Exposure of ovaries to high LH concentration during the phase of follicular growth is deleterious to the developing oocyte. LH penetrates the follicle and causes premature completion of the oocyte maturation and reduces its chances of fertilization and implantation. Estimation of FSH is also a direct method to assess ovarian reserve which is an indicator of reproductive potential (10,11). TSH is the most sensitive indicator of hypothyroidism. The prevalence of hypothyroidism in reproductive age group is upto 4 % and it is associated with a broad spectrum of reproductive disorders ranging from menstrual irregularities to infertilty and abortions (12). Thyroid responsivity by the ovaries could be explained by the presence of the thyroid hormone receptors on human oocytes. TSH also affects estrogen metabolism and decreases production of sex hormone binding globulin (8,9,13). Serum testosterone levels were found to be increased in PCOS patients with hypothyroidism. This may be explained as hypothyroidism reduces sex hormone binding globulin and increases free testosterone. This free testosterone is responsible for most of the features of PCOS like hirsutism, infertility, polycystic ovaries, acne etc (14,15). PCOS patients were found to have increased estrogen levels as compared to controls. This increased estrogen dominance may increase the levels of TBG and may mask the activity of free thyroid hormones. Thus, there may be associated clinical features of hypothyroidism which generally overlap with features of PCOS (16). Levels of progesterone were found to be decreased in patients of PCOS. Low progesterone levels produce a stimulatory effect of estrogen on the immune system (16). The hypothyroidism associated with PCOS is generally found to be due to Hashimoto’s thyroiditis, an autoimune disease of the thyroid gland (7).
Thus, a variety of disturbance in reproductive hormone profile is found to be associated with a state of hypothyroidism. As the features of both PCOS and hypothyroidism are overlapping and an association between these two disease states is not uncommon, therefore, thyroid profile should be analysed along with the reproductive hormonal profile which may help in better understanding of the etiology and management of PCOS.
1. Lindholm A, Andersson L, Eliasson M, Bixo M, Sundstrom-Poromaa I. Prevalence of symptoms associated with polycystic ovary syndrome. Int J Gynaecol Obstet 2008; 102: 39-43.
2. Yildiz BO, Azziz R. The adrenal and polycystic ovary syndrome. Rev Endocr Metab Disord 2007; 8: 331-42.
3. Frank S. Polycystic ovary syndrome. N Engl J Med 1995; 333: 853-61.
4. Badawy et al. Treatment options for polycystic ovary syndrome. International Journal of Women’s Health 2011:3; 25-35.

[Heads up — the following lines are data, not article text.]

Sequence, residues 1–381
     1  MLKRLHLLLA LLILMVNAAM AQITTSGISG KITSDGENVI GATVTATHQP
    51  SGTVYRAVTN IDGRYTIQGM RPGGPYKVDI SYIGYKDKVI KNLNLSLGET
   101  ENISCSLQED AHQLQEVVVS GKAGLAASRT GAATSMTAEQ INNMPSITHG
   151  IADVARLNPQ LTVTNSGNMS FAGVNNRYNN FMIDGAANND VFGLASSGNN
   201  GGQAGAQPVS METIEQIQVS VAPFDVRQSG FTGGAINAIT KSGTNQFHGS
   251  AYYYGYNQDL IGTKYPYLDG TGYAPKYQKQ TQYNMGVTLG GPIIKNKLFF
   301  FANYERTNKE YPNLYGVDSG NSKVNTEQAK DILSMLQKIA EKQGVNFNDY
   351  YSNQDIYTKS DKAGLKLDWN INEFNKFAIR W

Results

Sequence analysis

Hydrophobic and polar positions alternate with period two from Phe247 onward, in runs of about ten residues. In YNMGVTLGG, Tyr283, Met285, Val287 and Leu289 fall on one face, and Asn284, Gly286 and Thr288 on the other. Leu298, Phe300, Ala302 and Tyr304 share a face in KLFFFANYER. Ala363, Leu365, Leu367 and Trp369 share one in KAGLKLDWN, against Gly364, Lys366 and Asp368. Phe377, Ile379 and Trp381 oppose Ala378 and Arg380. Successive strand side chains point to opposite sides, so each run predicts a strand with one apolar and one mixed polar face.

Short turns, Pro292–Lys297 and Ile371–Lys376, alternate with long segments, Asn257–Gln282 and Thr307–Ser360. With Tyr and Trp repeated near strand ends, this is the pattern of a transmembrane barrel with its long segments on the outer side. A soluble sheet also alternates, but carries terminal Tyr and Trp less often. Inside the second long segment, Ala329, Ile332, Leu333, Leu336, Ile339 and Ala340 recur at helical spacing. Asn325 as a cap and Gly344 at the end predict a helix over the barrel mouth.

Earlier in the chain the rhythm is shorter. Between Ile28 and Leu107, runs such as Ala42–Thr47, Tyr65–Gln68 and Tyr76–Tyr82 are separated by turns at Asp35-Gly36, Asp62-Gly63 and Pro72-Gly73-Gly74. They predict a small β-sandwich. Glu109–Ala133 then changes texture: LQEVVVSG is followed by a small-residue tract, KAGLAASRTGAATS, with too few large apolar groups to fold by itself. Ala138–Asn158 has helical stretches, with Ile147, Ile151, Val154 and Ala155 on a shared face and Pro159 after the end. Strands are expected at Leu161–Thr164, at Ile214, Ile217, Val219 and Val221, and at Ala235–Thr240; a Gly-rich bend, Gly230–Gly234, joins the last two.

5. David H Geller etal. State of the Art Review: Emerging Therapies: The Use of Insulin Sensitizers in the Treatment of Adolescents with Polycystic Ovary Syndrome (PCOS). Int J Pediatr Endocrinol 2011; 2011(1):9.
6. Arojoki M, Jokimaa AM, Juuti A, Koshiken P, Irjala K, Antilla L. Hypothyroidism among infertlile women in Finland. Gynecol Endocrinol 2000; 14: 127-31.
7. Janssen OE, Mehlmauer N, Hahn S et al. High prevalence of autoimmune thyroiditis in patients with polycystic ovary syndrome. Eur J Endocrinol 2004; 150: 363-9.
8. Poppe K, Velkeniers B, Glinoer D. Thyroid disease and female reproduction. Clin Endocrinol 2007; 66: 309-21.
9. Krassas GE. Thyroid disease and female reproduction. Fertil Steril 2000; 74 (6): 1063-70.
10. Homburg R. Adverse effects of leutinizing hormone on fertility: fact or fantasy. Baillieres Clin Obstet Gynaecol 1998; 12 (4): 555-63.
11. Levi AJ, Raynault MF, Bergh PA, Drews MR, Miller BT, Scott RT Jr. Reproductive outcome in patients with diminished ovarian reserve. Fertil Steril 2001; 76 (4): 666-9.
12. Poppe K, Glinoer D. Thyroid autoimmunity and hypothyroidism before and during pregnancy. Hum Reprod update 2003; 9: 149-61.
13. Thomas R, Reid RL. Thyroid disease and reproductive dysfunction: a review. Obst Gynae 1987; 70 (5): 789-98.
14. Azziz R, Carmina E, Dewailly D, Diamanti- Kandarakis E, Escobar- Morreale HF et al. Positions statement: Criteria for defining polycystic ovary syndrome as a predominantly hyperandrogenic syndrome: An androgen excess society guideline. J Clin Endocrinol Metab 2006; 91: 4237-45.
15. Schuring AN, Schulte N, Sonntag B, Kiesel L. Androgens and Insulin- Two key players in Polycystic Ovary Syndrome. Gyn?kol Geburtshilfliche Rundsch 2008; 48: 9-15.
16. Yildiz BO, Azziz R. The adrenal and polycystic ovary syndrome. Rev Endocr Metab Disord 2007; 8: 331-42.
Source(s) of Funding
This article has been downloaded from WebmedCentral. With our unique author driven post publication peer
review, contents posted on this web portal do not undergo any prepublication peer or editorial review. It is
completely the responsibility of the authors to ensure not only scientific and ethical standards of the manuscript
but also its grammatical accuracy. Authors must ensure that they obtain all the necessary permissions before
submitting any information that requires obtaining a consent or approval from a third party. Authors should also
ensure not to submit any information which they do not have the copyright of or of which they have transferred
the copyrights to a third party.
Contents on WebmedCentral are purely for biomedical researchers and scientists. They are not meant to cater to
the needs of an individual patient. The web portal or any content(s) therein is neither designed to support, nor
replace, the relationship that exists between a patient/site visitor and his/her physician. Your use of the
WebmedCentral site and its contents is entirely at your own risk. We do not take any responsibility for any harm
that you may suffer or inflict on a third person by following the contents of this website.